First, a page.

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Author Notes:

Correspondence: Cornelius Schwarz; Email: cornelius.schwarz@uni-tuebingen.de

CW conceived experiments, conducted experiments, analyzed data, wrote the paper.

CW conceived experiments, conducted experiments, analyzed data, wrote the paper.

CJW conceived experiments, analyzed data, wrote the paper.

GS conceived experiments, wrote the paper.

CS conceived experiments, analyzed data, wrote the paper.

We thank Ursula Pascht for excellent technical assistance.

The authors declare that the research was conducted in the absence of any commercial or financial relationships that could be construed as a potential conflict of interest.

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Research Funding:

This work was supported by US-German collaboration grant (German: BMBF CRCNS 01GQ1113; US: NSF CRCNS IOS-1331948) and the Deutsche Forschungsgemeinschaft (DFG SCHW577/10-2).

This work was supported by US-German collaboration grant (German: BMBF CRCNS 01GQ1113; US: NSF CRCNS IOS-1331948) and the Deutsche Forschungsgemeinschaft (DFG SCHW577/10-2).

The open access fee was partly covered by the Deutsche Forschungsgemeinschaft and Open Access Publishing Fund of Tübingen University.

Keywords:

  • behavioral modification
  • head-restraint rat
  • barrel cortex

Support for the slip hypothesis from whisker-related tactile perception of rats in a noisy environment

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Journal Title:

Frontiers in Integrative Neuroscience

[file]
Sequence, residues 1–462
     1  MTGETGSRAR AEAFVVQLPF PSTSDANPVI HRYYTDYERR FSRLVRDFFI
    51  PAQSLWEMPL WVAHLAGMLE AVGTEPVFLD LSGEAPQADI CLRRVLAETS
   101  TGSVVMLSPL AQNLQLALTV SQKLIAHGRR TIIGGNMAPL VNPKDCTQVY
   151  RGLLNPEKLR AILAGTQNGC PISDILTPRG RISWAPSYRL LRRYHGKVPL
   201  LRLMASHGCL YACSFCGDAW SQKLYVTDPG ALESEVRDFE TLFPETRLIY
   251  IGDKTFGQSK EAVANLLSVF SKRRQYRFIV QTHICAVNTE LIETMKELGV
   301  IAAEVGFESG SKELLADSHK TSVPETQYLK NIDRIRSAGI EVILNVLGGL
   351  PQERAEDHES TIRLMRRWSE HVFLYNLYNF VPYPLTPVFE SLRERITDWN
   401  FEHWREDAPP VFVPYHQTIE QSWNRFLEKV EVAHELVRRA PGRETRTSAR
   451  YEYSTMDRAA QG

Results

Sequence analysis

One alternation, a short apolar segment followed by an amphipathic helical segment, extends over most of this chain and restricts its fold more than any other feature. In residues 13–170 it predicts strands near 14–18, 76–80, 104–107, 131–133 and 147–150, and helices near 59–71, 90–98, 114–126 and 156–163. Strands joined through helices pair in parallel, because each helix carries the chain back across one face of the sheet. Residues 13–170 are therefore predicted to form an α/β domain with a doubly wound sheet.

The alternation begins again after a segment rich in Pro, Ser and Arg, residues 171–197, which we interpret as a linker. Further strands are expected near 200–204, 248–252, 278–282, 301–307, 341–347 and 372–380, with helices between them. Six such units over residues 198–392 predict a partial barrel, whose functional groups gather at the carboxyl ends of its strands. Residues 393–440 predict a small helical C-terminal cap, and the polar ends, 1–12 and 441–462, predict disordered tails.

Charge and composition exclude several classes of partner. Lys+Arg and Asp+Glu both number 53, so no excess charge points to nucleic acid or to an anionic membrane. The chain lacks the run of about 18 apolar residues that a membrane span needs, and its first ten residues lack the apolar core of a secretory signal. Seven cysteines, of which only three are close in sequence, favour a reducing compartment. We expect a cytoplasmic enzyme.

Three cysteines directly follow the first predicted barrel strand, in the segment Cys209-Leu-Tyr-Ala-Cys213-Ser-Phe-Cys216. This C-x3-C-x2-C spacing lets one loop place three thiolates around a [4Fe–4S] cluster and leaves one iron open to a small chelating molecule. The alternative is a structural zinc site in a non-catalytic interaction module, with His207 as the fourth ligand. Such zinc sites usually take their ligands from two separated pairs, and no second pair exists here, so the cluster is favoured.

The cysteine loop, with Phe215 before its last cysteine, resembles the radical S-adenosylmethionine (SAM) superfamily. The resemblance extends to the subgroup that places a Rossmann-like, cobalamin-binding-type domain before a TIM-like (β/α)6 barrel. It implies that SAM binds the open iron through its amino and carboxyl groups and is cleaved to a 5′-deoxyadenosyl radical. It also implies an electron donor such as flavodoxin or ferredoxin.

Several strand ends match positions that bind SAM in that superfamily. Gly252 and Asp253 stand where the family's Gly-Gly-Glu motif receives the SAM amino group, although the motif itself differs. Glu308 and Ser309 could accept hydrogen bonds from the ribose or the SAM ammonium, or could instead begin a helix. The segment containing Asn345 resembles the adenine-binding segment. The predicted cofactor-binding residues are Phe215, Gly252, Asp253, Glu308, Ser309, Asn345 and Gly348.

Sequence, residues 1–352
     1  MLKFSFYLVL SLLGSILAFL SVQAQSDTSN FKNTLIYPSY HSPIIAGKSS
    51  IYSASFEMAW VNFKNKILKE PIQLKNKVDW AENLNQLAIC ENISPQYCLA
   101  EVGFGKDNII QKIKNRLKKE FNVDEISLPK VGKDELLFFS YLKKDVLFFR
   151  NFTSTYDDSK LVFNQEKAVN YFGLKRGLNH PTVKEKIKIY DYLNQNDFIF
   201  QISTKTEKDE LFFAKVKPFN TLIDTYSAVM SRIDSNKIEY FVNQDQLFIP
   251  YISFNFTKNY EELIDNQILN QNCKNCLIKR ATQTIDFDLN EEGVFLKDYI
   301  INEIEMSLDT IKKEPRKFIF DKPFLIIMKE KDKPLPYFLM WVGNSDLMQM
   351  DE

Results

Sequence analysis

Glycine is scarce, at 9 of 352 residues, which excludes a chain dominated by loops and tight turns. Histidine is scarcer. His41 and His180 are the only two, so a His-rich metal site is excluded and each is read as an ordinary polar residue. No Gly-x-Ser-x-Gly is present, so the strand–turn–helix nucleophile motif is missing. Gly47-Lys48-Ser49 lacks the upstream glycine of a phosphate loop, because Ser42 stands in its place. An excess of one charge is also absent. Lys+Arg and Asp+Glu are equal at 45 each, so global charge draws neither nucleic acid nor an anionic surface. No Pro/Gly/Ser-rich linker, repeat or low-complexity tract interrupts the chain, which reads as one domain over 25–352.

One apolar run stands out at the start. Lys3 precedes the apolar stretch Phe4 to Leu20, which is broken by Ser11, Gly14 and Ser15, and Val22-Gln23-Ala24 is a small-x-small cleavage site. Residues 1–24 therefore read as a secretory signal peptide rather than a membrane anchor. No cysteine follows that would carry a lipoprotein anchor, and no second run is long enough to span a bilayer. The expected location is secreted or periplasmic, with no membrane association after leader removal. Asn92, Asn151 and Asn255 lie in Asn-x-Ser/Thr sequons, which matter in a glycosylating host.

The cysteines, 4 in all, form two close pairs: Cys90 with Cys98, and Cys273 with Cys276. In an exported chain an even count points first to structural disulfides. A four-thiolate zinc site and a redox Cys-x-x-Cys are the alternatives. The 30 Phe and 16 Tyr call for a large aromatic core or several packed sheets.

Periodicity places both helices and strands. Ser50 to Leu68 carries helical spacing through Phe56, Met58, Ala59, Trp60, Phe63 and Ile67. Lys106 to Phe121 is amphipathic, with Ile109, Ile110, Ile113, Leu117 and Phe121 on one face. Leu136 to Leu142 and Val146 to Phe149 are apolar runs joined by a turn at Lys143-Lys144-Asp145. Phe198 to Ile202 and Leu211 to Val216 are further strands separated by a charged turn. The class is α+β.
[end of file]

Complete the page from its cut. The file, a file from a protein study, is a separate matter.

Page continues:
Volume:

Volume 9

Publisher:

Type of Work:

Article | Final Publisher PDF

Abstract:

Rodents use active whisker movements to explore their environment. The “slip hypothesis” of whisker-related tactile perception entails that short-lived kinematic events (abrupt whisker movements, called “slips”, due to bioelastic whisker properties that occur during active touch of textures) carry the decisive texture information. Supporting this hypothesis, previous studies have shown that slip amplitude and frequency occur in a texture-dependent way. Further, experiments employing passive pulsatile whisker deflections revealed that perceptual performance based on pulse kinematics (i.e., signatures that resemble slips) is far superior to the one based on time-integrated variables like frequency and intensity. So far, pulsatile stimuli were employed in a noise free environment. However, the realistic scenario involves background noise (e.g., evoked by rubbing across the texture). Therefore, if slips are used for tactile perception, the tactile neuronal system would need to differentiate slip-evoked spikes from those evoked by noise. To test the animals under these more realistic conditions, we presented passive whisker-deflections to head-fixed trained rats, consisting of “slip-like” events (waveforms mimicking slips occurring with touch of real textures) embedded into background noise. Varying the (i) shapes (ramp or pulse); (ii) kinematics (amplitude, velocity, etc.); and (iii) the probabilities of occurrence of slip-like events, we observed that rats could readily detect slip-like events of different shapes against noisy background. Psychophysical curves revealed that the difference of slip event and noise amplitude determined perception, while increased probability of occurrence (frequency) had barely any effect. These results strongly support the notion that encoding of kinematics dominantly determines whisker-related tactile perception while the computation of frequency or intensity plays a minor role.

Copyright information:

© 2015 Waiblinger, Brugger, Whitmire, Stanley and Schwarz.

This is an Open Access work distributed under the terms of the Creative Commons Attribution 4.0 International License (http://creativecommons.org/licenses/by/4.0/).

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